The 33rd edition of the Africa Cup of Nations opens in Cameroon on January 9, 2022.
Although the country has since been battling to spray perfume on its mess, human rights continues to suffer a huge blow.
Last week, the regime of 89-year-old Paul Biya, through military courts, jailed several members of the opposition and the civil society. The Cameroon Renaissance Movement (CRM) les by Professor Maurice Kamto and Stand Up for Cameroon led by Edith Kah Walla are the biggest casualties of the tyranny that now stands as the hallmark of the Biya administration that has been in power since 1982.
Aside sharing jail terms to stifle opposition and critics, the government is concluding her plans to flush out all independent Non-Governmental and Humanitarian Organisations.
Doctors Without Borders (DWB) is being used as a guinea pig for an experiment whose results will have far-reaching repacautions.
Amidst a standoff with government, state forces dragged workers of the humanitarian medical organization into detention. After torturing them for days, they’ll be released without an apology.
In a statement, the military spokesperson, Navy Captain Cyrille Serge Atonfack Guemo, said after a tipoff, an ambulance belonging to DWB was intercepted by the military in Nguti, Kupe-Muanenguba division of the South West region with a wounded separatist fighter receiving treatment inside the ambulance.
Bilai, said he was surprised that DWB decided to help a dreaded self-proclaimed separatist ‘General’ who was wounded in an armed battle with government troops. He added that the dangerous fighter had killed many civilians and destroyed a great deal of property, including public and private structures.
Okalia, a francophone who has been Governor of the South West Region since 2012, said DWB was helping the criminal but the two DWB staff held by the military for questioning were released after two days.
In a statement, the humanitarian charity said it contacted Cameroon military authorities and informed government troops of plans to transfer a wounded patient for medical assistance to Mutengene.
In the statement, DWB said it treats people based on medical need, regardless of their background or affiliations.
But Cameroon’s Minister of Territorial Administration, the authority supervising the work of civil society groups insists that all activities of NGOs must be carried out only with government approval.
In his philosophy of traceability, Minister Atanga Nji says NGOs must take permission from him before they can act.
In 2020, DWB was suspended from carrying out activities in the North West region allegedly for having close relations with separatists. The humanitarian organization strongly denied the accusations and said its only goal is to save lives.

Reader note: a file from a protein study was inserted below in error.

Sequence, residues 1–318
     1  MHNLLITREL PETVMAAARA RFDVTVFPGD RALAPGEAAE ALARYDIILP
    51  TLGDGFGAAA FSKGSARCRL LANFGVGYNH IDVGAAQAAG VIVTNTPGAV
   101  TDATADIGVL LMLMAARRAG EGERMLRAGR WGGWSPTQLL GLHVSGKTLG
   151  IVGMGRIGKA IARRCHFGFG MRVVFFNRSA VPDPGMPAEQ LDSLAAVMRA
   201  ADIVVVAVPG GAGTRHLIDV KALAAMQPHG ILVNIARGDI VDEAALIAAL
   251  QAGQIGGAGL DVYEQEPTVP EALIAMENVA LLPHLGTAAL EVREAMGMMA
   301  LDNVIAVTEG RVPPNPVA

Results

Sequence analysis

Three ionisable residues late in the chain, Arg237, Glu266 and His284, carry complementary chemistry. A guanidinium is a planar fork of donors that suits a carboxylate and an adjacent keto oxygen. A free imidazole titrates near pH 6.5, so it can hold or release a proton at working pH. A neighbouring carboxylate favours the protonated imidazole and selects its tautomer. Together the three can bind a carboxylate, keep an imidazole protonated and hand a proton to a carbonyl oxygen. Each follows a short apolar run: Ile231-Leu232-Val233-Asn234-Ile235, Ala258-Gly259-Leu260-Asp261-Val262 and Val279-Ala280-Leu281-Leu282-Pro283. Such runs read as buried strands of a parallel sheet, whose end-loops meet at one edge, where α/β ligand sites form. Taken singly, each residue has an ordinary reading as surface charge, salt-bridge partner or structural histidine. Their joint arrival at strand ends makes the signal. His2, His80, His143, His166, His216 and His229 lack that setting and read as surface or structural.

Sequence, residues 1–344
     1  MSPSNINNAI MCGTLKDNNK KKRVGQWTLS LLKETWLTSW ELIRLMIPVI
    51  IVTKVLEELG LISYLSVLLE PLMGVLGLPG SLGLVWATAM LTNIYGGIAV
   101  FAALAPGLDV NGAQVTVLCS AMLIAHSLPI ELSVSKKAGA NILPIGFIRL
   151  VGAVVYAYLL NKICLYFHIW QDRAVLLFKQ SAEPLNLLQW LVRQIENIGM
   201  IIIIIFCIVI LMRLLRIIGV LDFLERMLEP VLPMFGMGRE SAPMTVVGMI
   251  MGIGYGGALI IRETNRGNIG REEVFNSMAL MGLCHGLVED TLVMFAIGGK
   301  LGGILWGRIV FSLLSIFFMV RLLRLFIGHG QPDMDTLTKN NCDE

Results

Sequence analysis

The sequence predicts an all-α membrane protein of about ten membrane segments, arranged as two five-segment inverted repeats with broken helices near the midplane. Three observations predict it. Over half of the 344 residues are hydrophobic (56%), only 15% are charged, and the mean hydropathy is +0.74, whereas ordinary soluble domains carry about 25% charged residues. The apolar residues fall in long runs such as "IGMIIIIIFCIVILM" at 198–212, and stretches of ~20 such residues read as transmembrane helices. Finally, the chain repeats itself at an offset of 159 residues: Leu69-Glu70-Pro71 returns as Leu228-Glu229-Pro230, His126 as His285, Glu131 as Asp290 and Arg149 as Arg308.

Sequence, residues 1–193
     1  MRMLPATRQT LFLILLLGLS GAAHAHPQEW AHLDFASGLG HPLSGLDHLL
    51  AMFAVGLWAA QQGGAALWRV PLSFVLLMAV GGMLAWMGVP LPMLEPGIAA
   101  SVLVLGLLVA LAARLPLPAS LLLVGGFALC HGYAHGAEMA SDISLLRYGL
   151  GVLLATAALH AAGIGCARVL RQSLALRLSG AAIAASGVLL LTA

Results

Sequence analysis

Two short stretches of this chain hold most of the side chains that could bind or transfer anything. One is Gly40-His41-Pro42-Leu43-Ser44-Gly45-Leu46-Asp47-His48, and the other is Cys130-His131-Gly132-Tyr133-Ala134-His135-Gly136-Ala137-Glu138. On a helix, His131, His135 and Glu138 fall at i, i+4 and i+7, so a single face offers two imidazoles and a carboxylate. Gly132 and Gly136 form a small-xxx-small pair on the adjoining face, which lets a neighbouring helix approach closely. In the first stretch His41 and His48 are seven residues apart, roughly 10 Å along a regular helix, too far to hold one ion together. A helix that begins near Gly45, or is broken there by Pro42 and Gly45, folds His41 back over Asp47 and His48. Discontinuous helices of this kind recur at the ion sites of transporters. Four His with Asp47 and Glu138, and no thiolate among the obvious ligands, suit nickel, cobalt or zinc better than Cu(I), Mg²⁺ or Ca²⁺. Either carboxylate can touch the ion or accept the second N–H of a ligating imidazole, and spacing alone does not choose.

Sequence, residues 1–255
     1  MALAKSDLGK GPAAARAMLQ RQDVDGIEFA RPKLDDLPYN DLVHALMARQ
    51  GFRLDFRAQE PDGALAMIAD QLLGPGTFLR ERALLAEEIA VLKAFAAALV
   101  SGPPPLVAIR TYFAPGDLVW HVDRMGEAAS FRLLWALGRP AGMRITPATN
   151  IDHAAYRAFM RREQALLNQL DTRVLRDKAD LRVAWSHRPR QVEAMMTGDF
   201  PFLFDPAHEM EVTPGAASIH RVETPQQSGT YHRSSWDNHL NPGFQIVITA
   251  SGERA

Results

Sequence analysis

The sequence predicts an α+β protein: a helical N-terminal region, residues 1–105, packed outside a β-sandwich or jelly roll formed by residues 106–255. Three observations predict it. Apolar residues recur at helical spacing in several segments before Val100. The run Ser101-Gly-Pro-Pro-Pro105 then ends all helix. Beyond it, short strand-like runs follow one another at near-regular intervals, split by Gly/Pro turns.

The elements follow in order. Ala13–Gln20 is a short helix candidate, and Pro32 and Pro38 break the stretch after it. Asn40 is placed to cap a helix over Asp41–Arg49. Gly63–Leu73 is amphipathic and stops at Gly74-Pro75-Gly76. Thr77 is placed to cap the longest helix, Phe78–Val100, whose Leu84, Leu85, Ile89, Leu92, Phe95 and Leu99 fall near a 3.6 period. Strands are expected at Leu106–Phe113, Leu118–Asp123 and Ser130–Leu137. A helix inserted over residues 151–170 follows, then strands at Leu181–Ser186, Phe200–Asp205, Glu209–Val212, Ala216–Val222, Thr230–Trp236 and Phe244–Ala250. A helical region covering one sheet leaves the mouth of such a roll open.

Following pressure from Cameroonian authorities, it withdrew teams from the North West region. The organisation said “this suspension significantly reduces access to medical services in an area where communities are badly affected by armed violence.”
Emmanuel Lampaert, DWB operations coordinator for central Africa, said intimidation against healthcare facilities are commonplace, and their teams are not spared.
“All parties to the crisis must respect healthcare providers, whether they are members of non-governmental organisations or the Ministry of Health. Any threats or violence against them or their patients is unacceptable,” he said.
On December 8, the organisation said just in the North West region alone it treated 180 survivors of sexual violence, provided 1,725 mental health consultations, performed 3,272 surgeries, and transported 4,407 patients by ambu- lance, more than 1,000 of whom were women about to give birth.
“… community health workers provided 42,578 consultations, mainly for diseases such as malaria, diarrhoea and respiratory tract infections. Our medical staff also treated direct victims of armed violence in the region, in accordance with the principles of international humani- tarian law, Common Article 3 of the Geneva Conventions and medical ethics,” DWB said.
DWB has been of tremendous service to the people of the two English-speaking regions. And based on medical ethics they are supposed to treat wounded people, be they separatists, soldiers or civilians, which is also a requirement of the law of war.
What we at MMI think the government should do is to collaborate with the organisation and allow it to treat victims of the conflict without discrimination. The nation, which is engaged in bloody conflicts in the North West and South West regions and with Boko Haram in the Far North and a national healthcare delivery system lagging in all domains, needs the services of DWB. There should be no reason to doubt their commitment and professionalism, unless there is incontrovertible proof that they are in collaboration, militarily, with separatist fighters. But is there any evidence aside Atanga Nji’s plan to oust these NGOs that have shocking records of casualties in the war in the Northwest and Southwest Regions?
The other 23 countries taking part in the AFCON should sure be ashamed of Biya’s iron-fist rule.